The recent rise in attacks on farmers by Boko Haram and bandits is diminishing the supply of effort by farmers thus reducing Nigeria’s food reserves.
Stocks have slumped to below 30,000 metric tons – just a fragment of what the 200 million people need, according to the All Farmers Association of Nigeria. Worsening tensions is making it hard to expand supplies, Kabir Ibrahim, the group’s president told Bloomberg.
The most recent attack happened on 27th November, when purported Islamic insurgents slew an army of small-scale paddy growers in Borno State, where violent Islamist militants have terrorised populations for more than ten years.
The mayhem has added to production difficulties arising from factors like the coronavirus pandemic and climate change, which have pushed northeastern Nigeria to the precipice of famine, the United Nations said in November.
Some of the residents in the region are confronting “critical hunger” already, it added.
An enduring hostility between crop growers and northern cattle herders is upsetting food production alongside Islamic attacks.
Ibrahim, whose union represents most of Nigeria’s estimated 12 million farmers, said “this worrying trend poses food security risks to millions of Nigerians.”
“It is now exceedingly difficult to get the farmers to readily go to their farms in several parts of the country.”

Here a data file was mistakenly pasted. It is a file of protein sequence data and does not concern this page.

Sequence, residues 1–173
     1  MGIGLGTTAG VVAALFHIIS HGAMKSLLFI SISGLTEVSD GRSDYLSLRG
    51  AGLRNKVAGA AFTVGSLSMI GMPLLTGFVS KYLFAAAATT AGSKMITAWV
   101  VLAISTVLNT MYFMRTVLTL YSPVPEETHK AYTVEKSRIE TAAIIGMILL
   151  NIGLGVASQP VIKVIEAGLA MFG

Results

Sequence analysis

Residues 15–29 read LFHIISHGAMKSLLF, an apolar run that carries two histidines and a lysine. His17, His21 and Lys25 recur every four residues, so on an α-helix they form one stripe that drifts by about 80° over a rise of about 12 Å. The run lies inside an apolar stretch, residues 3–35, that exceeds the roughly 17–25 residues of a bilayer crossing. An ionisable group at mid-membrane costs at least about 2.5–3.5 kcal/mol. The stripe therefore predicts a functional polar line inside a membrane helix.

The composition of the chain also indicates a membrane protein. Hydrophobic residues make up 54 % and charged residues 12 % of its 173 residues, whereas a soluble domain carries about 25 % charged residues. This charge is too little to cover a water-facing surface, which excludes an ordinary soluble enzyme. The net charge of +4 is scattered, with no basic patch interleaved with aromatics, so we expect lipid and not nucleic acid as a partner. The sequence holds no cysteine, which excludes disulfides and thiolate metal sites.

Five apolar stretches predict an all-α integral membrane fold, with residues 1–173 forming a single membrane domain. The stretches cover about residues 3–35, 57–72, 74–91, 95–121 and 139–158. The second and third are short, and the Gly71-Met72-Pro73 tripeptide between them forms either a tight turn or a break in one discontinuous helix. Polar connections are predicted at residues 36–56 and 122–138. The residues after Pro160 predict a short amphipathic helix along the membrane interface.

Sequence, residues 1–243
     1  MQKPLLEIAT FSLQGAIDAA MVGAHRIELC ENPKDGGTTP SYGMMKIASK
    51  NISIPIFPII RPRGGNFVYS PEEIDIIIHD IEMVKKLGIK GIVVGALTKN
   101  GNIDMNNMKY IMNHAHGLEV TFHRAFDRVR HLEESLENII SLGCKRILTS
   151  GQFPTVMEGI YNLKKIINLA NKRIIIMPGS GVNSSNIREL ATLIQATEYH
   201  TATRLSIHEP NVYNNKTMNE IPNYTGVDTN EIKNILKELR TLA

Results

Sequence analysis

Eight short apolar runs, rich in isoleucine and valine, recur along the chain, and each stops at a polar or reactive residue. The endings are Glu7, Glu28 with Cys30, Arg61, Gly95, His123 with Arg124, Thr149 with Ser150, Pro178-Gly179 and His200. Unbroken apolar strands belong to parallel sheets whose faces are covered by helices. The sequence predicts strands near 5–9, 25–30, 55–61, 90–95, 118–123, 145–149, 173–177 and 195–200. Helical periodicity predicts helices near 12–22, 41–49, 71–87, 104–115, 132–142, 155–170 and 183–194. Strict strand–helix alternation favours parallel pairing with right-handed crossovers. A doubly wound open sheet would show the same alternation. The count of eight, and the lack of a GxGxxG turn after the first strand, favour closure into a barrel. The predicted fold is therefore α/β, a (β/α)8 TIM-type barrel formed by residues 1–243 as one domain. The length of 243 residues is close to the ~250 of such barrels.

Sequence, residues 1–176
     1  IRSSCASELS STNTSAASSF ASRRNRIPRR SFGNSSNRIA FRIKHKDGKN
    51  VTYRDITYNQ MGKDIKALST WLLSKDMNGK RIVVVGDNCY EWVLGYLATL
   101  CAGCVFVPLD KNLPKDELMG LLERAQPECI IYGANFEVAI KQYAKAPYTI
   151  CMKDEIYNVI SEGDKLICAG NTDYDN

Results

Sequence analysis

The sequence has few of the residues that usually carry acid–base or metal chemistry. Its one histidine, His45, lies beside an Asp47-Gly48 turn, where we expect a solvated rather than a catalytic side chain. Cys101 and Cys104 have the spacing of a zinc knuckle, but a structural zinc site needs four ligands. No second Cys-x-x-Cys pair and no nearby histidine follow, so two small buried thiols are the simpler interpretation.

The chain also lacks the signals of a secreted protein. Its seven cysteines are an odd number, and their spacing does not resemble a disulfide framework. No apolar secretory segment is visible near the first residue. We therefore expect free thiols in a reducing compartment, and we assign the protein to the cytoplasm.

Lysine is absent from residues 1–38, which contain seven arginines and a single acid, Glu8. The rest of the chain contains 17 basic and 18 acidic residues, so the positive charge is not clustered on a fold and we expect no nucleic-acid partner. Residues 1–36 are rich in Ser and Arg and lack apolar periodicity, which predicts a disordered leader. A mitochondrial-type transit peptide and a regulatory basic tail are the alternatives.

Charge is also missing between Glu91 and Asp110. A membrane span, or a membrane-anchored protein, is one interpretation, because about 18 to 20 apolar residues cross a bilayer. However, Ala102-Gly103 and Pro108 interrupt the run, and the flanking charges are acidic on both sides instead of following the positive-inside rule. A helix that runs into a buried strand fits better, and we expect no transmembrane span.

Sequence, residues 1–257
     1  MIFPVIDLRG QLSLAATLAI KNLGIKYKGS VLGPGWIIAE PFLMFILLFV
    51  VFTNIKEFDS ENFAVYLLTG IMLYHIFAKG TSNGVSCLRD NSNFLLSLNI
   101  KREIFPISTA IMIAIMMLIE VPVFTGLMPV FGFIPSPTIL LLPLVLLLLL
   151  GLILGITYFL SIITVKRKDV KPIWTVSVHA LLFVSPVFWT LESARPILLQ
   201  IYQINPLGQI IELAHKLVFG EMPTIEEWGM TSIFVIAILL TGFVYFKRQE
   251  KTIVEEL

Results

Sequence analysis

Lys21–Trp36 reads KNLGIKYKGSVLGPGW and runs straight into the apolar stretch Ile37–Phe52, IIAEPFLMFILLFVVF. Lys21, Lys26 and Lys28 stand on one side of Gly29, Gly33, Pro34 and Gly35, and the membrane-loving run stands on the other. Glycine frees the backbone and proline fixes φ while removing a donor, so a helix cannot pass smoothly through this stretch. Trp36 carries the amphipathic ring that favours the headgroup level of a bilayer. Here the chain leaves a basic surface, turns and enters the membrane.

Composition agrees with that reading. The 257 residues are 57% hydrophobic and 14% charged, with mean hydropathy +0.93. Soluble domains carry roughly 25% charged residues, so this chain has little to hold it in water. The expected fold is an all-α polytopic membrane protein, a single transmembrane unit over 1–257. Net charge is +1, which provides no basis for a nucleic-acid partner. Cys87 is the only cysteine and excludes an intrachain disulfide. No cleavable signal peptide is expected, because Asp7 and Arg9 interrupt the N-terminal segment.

In states such as Katsina, Zamfara, and Kaduna, which are known for large grain production, armed bandits demand “harvest fees” from farmers as a precondition for harvesting crops. Farmers are at risk of getting abducted in Kaduna and Katsina should they refuse to pay the ransoms which come at an average of N1 million in cash or 40 percent of their produce.
Nuhu Dansadau, a Zamfara farmer said “there are even places where they take over the farm. For instance, if you have produced 200 bags of corn, they will instruct you to go and sell 30 or 50 bags and bring the money to them.”
The mayhem is stoking food inflation. Food prices began shooting up last year after the government closed its borders to all goods to rein in smuggling.
Costs of food climbed by 17.4 percent in October from a year before, the biggest rise in three years.
“The continued increase in food and core inflation was attributed to the persistence of insecurity across the country,” the Central Bank of Nigeria’s monetary policy committee said at its last meeting.